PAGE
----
Host a Journalist

Host a Journalist at Your News Organization

Many of ICFJ’s programs are designed to provide journalists from around the world with opportunities to observe American journalists and their work first-hand. Host news attachments are an integral part of many of these programs, giving both the visiting journalist and the host organization the chance to learn from one another. During a news attachment experience, foreign journalists work with their host organization for two to four weeks to gain an understanding of the working tools of the U.S. media, from hyper-local coverage to investigative reporting to media management. In many cases, the visiting journalists – often from important hot spots like Pakistan or Russia – can report and write for the host organization. They also bring a global perspective that is helpful to U.S. newsrooms.

ICFJ carefully matches the host media organization and the foreign journalist based on the journalist’s interests, and the size and type of the media organization. All expenses are paid by ICFJ.

ICFJ will make arrangements for accommodations, flights and finances. We strive to ensure that most of this logistical burden is handled before the journalist arrives in your newsroom so that both your organization and the journalists themselves can get the most out of the experience.

Host a Journalist in a Homestay

Visiting journalists and hosts get an even richer experience if the journalist is able to stay in the home of a newsroom employee. If this is not possible, ICFJ can arrange a hotel stay.

If you feel your news organization is prepared for the rewarding experience of hosting a foreign journalist or for more information on hosting, please contact Senior Program Director Johanna Carrillo at

Click here for FAQs.

In Their Own Words:

“We get at least as much from these programs as our visitors do. Our staff needs to be exposed to other ideas, customs and practices which most of them will never have the opportunity to experience. Some of our people have never been outside the United States.”

Jim Peipert, national and foreign editor, Fort Worth Star-Telegram in Texas

“The full benefit of this sort of project comes from what we in the newsroom learn about the journalist’s home country and on that score, you can also take credit for a home run.

Ultimately, I would like to thank you for giving us this opportunity to tap into a perspective on regional politics that was otherwise opaque to us. Kudos to you and the staff at ICFJ for taking care of all the details that allowed this to be a smooth and profitable experience for everyone.”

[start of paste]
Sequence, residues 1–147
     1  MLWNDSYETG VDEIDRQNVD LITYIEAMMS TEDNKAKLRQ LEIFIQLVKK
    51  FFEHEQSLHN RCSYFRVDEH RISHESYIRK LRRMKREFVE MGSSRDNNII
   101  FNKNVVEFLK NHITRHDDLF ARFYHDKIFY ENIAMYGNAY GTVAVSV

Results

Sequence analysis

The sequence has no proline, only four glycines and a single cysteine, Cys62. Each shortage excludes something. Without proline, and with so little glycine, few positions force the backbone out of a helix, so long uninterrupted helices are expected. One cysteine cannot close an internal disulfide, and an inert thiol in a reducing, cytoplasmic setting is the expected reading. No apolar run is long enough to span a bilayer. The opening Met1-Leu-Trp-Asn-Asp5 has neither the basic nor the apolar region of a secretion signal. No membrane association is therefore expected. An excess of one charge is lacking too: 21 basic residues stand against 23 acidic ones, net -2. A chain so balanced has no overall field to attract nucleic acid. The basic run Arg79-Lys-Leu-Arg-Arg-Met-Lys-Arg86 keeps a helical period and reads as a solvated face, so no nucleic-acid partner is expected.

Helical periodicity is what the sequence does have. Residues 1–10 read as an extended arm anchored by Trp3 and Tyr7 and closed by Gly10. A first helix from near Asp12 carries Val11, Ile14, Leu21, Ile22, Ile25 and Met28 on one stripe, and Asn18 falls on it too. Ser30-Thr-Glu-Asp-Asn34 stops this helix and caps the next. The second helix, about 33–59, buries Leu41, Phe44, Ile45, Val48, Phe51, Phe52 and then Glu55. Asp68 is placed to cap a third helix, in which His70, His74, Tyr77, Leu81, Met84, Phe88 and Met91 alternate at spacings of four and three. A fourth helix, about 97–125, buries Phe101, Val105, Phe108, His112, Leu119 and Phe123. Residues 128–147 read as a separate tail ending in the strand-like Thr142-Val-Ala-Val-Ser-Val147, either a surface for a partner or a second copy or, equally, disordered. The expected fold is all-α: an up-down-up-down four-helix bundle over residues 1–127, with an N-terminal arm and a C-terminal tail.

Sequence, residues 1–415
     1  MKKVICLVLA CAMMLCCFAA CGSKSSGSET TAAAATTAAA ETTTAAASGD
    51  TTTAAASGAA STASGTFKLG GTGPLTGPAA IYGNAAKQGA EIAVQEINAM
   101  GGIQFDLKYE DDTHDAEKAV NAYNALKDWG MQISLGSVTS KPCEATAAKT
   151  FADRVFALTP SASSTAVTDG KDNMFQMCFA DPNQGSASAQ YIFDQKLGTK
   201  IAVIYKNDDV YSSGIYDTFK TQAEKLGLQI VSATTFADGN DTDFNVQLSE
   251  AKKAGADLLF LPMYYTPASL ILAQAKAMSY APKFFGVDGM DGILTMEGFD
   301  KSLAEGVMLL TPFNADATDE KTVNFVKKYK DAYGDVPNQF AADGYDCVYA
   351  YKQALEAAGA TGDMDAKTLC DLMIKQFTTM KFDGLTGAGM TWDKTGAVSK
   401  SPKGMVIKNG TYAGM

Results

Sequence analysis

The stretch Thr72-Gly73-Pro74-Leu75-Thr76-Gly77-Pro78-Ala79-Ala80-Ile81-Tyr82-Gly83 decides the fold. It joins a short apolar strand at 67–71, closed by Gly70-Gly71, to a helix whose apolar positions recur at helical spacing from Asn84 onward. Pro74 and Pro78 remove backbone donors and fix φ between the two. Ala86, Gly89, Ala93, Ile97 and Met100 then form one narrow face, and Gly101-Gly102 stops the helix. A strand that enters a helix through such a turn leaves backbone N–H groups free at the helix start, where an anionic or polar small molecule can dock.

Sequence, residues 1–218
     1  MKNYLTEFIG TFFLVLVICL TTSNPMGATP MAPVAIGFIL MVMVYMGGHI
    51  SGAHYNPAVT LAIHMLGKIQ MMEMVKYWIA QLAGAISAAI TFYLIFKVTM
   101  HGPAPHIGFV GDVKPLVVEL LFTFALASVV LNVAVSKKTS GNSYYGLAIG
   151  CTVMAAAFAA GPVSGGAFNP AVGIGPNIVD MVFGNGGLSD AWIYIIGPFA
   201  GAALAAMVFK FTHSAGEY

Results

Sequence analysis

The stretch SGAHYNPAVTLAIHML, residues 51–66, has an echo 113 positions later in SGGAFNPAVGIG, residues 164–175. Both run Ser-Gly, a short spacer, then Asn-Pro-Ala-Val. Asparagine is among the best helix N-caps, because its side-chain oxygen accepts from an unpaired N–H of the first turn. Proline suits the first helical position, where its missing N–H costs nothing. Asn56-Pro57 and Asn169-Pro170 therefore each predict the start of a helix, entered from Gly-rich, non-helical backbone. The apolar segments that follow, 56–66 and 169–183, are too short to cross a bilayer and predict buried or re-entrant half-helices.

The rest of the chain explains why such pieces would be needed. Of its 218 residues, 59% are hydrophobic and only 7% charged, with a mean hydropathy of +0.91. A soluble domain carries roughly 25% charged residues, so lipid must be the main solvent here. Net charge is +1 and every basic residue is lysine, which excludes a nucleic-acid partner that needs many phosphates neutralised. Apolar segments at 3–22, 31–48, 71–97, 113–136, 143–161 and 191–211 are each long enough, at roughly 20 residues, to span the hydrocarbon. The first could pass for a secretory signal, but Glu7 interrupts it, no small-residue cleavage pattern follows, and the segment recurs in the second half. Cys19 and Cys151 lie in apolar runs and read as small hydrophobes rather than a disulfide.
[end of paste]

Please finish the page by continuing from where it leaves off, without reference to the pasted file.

Jon Greenberg, news director, New Hampshire Public Radio


Q: What is the cost of hosting a journalist at my news organization or in my home?
A: There is no cost associated with hosting a journalist in your newsroom. ICFJ gives visiting journalists money to cover their food, travel, etc. If a staff member chooses to offer a homestay, ICFJ can provide the host a small weekly stipend to cover any expenses, such as utilities, the guest might accrue.

Q: How long will I need to host the journalist?
A: The length of the programs varies, but is usually two to four weeks.

Q: Does it matter if my news organization is not as well known?
A: ICFJ welcomes host news organizations of all sizes, and visiting journalists may learn more at smaller outlets than at more globally known ones.

Q: What am I supposed to teach?
A: The greatest benefit to the visiting journalists is exposure to the standards and techniques of a U.S. newsroom. ICFJ will provide host organizations with a biography of the journalist and a survey of his/her interests. The host organization should set up meetings with appropriate people at the news organization based on those interests. The visiting journalist’s time may be spent shadowing reporters in the field; seeing how the newspaper, broadcast or website is put together on deadline; going out on sales calls with advertising staff; or doing his or her own reporting.

Q: As a host news organization, what should I expect?
A: Before we send you a foreign journalist, he or she will have participated in an ICFJ orientation on the U.S. media system, general ethical principles and, depending on the program, perhaps an intensive course in investigative journalism or multimedia reporting. The journalists are usually very eager to learn from their U.S. colleagues and share their own experiences and skills.

Q: As a homestay host, what should I expect?
A: We hope that homestay hosts will include the visitor for meals and social outings as often as possible; however, they should not feel obligated always to include their guest. The journalists will have a per diem to cover their meals and have been encouraged to socialize with other contacts in addition to their hosts.